Click on image to see last three sales nearby (Jim sold 2 of 3)

Posted by on Jul 12, 2018 in Bubbleinfo TV, Carmel Valley, Jim's Take on the Market, Listing Agent Practices, Why You Should List With Jim | 4 comments

No Code?

The State of California doesn’t have a Code of Ethics…..

This article is Part Two of a series arguing for the reinstatement of the Department of Real Estate (DRE)’s code of ethics. If you haven’t already, take a look at Part One, which provides context for the current vacuum in California ethical standards.

Why a code of ethics?

Every public-facing industry, especially one as complex as the real estate industry, is in need of common standards of practice. Presently, the code providing those standards for California real estate agents is far from an ideal set of rules governing an agent’s conduct in service of the public.

The code in question is a generic product of the National Association of Realtors® (NAR), which NAR’s state-level manifestation, the California Association of Realtors® (CAR), has commandeered as its own.

Real estate practice is rooted in state codes, cases and regulations aimed at protecting residents of that state, and as a result, this national code of ethics is frequently ill-fit to the unique marketplace of California. NAR has next to nothing to do with California, where principals might have little to no personal knowledge of the agent representing them (especially in urban population centers), and have no choice but to operate under a general set of expectations for licensee conduct.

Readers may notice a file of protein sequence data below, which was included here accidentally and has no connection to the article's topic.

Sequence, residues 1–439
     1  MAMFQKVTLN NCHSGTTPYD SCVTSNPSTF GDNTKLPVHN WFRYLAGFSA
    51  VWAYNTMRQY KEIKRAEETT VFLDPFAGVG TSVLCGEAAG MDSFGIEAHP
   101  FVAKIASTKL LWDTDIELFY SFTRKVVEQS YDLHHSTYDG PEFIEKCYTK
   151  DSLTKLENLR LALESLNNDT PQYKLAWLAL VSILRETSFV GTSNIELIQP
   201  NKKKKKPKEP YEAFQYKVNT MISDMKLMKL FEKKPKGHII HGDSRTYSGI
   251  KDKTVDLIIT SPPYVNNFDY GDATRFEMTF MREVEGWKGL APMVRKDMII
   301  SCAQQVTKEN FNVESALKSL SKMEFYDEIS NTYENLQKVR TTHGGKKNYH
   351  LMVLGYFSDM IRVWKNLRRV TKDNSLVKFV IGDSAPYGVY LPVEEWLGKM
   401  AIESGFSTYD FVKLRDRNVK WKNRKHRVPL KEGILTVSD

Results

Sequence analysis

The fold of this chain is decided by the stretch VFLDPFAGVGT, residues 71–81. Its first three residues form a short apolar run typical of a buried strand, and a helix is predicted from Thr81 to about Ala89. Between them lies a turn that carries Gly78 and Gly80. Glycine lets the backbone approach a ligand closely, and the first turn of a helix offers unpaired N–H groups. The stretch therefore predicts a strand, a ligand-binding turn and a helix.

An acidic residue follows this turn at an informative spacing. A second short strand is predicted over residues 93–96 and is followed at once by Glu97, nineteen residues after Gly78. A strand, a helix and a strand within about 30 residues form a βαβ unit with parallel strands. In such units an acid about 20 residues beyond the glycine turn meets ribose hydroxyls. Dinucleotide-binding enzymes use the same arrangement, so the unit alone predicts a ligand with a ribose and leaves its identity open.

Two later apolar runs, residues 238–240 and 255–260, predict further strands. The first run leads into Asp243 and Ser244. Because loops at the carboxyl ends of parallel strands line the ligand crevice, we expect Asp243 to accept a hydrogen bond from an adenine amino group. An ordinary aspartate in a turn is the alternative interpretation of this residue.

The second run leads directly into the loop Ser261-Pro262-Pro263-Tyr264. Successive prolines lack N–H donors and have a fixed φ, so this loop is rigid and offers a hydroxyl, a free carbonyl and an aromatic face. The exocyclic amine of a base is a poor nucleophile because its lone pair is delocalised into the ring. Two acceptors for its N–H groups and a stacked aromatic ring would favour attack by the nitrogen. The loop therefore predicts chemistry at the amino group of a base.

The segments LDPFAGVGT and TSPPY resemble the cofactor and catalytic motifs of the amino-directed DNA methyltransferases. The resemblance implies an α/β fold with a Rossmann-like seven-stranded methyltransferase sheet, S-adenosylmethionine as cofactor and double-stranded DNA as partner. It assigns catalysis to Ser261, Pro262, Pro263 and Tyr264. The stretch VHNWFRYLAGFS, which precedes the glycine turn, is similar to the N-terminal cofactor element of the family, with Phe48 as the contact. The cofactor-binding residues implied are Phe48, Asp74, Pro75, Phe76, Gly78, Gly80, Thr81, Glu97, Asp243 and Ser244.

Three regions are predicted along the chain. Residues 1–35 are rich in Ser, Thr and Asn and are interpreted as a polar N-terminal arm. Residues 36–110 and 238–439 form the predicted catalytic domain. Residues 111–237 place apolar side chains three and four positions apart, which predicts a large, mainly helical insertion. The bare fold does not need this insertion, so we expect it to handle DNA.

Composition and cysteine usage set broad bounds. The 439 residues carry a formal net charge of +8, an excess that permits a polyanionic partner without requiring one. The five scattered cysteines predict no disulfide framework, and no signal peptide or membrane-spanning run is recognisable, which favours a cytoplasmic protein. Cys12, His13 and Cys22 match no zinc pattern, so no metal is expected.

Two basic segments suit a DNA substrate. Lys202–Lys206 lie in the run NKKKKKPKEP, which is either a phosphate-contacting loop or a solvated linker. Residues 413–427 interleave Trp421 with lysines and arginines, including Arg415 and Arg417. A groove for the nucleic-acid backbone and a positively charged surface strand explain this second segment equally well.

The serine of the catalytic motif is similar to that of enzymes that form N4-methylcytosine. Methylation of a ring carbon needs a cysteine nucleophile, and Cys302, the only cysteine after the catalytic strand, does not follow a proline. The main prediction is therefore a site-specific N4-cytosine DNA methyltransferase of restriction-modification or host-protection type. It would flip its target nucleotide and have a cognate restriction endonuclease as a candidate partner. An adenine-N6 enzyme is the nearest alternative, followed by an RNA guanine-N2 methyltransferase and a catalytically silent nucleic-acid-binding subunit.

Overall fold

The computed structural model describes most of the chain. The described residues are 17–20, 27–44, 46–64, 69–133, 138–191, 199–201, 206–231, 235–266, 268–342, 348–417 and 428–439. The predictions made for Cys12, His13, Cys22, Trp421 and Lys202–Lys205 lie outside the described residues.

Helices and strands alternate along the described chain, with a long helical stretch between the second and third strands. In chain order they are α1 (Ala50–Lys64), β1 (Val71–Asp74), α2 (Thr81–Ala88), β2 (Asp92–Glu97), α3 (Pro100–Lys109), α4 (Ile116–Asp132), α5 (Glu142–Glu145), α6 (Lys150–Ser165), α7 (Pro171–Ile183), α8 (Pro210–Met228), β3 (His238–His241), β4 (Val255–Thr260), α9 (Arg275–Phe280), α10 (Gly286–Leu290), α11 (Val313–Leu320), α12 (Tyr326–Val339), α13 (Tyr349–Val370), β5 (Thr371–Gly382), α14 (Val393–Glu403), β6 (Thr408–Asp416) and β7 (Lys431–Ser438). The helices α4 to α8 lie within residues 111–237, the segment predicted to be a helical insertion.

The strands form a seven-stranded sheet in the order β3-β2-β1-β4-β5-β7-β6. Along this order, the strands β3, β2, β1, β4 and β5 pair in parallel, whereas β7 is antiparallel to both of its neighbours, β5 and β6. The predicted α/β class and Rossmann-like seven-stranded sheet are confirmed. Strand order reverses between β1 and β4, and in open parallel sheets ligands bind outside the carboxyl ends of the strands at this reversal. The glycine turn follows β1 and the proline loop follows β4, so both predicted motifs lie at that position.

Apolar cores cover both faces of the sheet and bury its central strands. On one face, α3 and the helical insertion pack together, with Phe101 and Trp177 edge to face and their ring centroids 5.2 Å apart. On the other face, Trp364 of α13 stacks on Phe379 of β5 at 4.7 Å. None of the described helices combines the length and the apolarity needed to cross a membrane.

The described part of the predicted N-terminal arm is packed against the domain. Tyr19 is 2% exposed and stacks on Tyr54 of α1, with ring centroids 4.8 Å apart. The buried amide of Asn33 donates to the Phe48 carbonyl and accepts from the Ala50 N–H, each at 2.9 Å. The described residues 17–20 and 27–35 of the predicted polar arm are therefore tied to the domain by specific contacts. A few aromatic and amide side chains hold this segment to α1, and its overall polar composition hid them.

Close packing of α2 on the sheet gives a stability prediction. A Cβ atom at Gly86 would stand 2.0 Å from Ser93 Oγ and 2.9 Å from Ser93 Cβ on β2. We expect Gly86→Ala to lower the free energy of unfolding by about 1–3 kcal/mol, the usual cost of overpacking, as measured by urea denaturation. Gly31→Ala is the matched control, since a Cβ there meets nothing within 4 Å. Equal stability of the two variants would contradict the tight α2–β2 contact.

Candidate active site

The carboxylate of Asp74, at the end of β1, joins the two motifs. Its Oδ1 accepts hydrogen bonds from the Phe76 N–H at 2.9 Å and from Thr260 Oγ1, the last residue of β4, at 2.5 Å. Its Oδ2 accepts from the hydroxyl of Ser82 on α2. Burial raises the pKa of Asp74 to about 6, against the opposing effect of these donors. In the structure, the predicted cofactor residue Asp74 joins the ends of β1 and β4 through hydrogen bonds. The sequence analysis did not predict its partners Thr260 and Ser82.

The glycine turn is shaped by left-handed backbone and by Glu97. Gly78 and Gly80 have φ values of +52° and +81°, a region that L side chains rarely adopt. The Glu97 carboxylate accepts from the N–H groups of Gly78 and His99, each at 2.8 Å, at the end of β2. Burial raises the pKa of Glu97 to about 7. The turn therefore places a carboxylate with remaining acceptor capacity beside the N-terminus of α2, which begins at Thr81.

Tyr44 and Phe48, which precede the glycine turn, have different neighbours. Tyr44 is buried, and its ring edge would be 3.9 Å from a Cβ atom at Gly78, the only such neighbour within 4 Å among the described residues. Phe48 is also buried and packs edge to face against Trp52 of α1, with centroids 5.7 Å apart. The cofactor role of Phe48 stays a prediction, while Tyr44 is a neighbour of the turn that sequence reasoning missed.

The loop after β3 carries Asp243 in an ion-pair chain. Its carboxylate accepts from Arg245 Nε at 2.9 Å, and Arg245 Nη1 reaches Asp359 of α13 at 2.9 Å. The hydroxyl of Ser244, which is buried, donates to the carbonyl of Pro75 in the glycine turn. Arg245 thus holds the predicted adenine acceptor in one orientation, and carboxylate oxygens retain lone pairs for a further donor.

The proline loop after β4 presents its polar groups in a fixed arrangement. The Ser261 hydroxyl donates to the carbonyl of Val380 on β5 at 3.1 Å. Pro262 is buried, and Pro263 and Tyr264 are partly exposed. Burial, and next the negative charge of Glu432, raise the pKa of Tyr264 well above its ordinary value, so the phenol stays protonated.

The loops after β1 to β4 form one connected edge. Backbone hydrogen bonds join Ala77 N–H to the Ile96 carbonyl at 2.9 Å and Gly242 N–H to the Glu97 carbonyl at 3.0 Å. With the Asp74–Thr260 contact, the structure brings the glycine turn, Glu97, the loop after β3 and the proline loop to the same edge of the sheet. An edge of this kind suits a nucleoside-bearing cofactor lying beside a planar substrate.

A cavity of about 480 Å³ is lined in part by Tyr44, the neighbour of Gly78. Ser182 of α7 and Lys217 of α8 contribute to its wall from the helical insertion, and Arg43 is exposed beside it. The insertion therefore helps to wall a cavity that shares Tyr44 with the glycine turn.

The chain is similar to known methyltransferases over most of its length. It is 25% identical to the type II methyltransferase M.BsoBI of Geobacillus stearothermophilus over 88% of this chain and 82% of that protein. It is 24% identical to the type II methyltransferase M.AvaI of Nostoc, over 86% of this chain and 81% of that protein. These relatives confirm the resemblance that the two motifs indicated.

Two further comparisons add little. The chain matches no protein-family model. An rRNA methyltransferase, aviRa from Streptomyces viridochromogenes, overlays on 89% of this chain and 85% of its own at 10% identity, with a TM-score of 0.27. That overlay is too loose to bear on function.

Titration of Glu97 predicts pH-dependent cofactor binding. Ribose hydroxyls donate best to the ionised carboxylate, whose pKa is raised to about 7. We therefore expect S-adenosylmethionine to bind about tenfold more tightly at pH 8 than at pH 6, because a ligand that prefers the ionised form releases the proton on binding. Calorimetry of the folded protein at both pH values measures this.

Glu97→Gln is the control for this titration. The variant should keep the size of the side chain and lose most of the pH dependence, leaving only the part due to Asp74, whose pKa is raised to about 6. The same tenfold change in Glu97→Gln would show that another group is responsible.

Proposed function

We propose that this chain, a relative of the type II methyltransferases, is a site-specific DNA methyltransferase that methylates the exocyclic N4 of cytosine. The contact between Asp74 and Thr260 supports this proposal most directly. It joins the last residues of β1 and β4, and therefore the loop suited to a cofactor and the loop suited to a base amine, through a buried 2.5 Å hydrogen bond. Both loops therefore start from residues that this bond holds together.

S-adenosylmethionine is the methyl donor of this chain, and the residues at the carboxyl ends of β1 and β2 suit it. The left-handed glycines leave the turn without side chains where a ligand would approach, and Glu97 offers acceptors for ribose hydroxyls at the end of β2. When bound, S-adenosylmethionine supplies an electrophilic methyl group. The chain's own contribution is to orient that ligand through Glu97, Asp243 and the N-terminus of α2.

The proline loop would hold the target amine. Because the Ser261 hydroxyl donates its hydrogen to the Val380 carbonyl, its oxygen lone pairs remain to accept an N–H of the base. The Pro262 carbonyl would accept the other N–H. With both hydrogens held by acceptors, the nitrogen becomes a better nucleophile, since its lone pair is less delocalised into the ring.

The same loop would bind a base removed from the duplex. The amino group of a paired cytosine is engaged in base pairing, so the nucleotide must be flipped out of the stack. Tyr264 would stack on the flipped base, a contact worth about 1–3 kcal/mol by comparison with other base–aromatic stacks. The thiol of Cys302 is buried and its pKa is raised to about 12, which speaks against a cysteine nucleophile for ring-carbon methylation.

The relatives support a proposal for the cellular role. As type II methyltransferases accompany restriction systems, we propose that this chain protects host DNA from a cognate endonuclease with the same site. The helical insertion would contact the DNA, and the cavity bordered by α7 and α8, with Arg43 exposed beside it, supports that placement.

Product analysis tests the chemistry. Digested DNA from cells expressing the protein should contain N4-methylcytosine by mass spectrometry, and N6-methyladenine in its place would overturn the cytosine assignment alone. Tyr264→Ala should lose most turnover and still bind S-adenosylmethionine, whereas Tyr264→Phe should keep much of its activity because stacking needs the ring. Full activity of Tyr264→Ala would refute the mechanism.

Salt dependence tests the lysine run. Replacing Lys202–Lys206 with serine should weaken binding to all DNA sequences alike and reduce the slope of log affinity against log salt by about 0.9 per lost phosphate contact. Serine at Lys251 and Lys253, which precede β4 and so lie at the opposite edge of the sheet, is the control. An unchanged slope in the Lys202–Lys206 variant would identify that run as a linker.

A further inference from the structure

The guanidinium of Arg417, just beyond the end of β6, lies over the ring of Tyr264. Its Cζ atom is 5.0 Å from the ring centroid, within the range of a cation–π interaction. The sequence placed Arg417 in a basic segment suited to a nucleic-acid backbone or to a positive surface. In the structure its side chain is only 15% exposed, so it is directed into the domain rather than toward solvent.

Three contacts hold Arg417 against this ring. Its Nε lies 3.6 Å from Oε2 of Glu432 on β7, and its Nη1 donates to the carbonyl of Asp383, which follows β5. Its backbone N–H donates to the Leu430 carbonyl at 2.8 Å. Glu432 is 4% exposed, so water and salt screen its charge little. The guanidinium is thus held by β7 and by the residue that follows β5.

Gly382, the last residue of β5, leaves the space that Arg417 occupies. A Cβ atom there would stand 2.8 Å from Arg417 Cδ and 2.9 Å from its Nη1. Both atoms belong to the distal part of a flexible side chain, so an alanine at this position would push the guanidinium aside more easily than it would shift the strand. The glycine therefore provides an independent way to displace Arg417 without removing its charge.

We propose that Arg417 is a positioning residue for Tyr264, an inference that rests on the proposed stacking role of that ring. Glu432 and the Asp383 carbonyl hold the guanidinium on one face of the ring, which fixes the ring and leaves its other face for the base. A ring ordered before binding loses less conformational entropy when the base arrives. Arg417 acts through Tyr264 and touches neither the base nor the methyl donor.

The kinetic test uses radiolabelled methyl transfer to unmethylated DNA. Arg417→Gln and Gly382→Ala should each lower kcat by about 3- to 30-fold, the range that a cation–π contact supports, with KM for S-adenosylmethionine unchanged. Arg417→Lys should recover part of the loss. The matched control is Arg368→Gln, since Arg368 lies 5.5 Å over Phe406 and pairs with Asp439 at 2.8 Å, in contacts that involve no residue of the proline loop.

Further, the Department of Real Estate (DRE) has continuously pushed the NAR code as an acceptable standard for those California licensees who also happen to be Realtors®. As we discussed recently, the state nixed the DRE’s code of ethics in 1996, and California has consequently been left without a California code of ethics for the real estate industry — a situation the DRE could rectify.

But before we can argue for the reinstatement of the DRE code of ethics, we need to understand what’s in it. What are we arguing for? And maybe more critically, what are we arguing against?

Read article here:

Link to Full Article

Posted by on Jul 11, 2018 in Ethics, Jim's Take on the Market, Realtor, Realtor Training | 0 comments

Coming When?

Nancy tagged this listing as another example of what you can get if you’re willing to leave The Golden State.

It comes with the pitch we see a lot these days – ‘Contact us for your private showing before this gorgeous home goes LIVE later this week’.

Thanks for showing.

Can I sell it this week?

The Coming Soons are probably tolerable, as long as the listing agent commits to the specific date they will sell it.  I think the seller is better served if the listing is exposed to the open market via the MLS, but if there is some reason not to do that, fine.

Let’s specify when buyers can buy it!

It is the Big Tease to be showing a home without further instruction on when the seller will be entertaining offers up front – and I want to know before the showing too. It is a disservice to everyone for buyers to see a house, just to find out later that the listing agent is going to sit on offers for 5-10 days.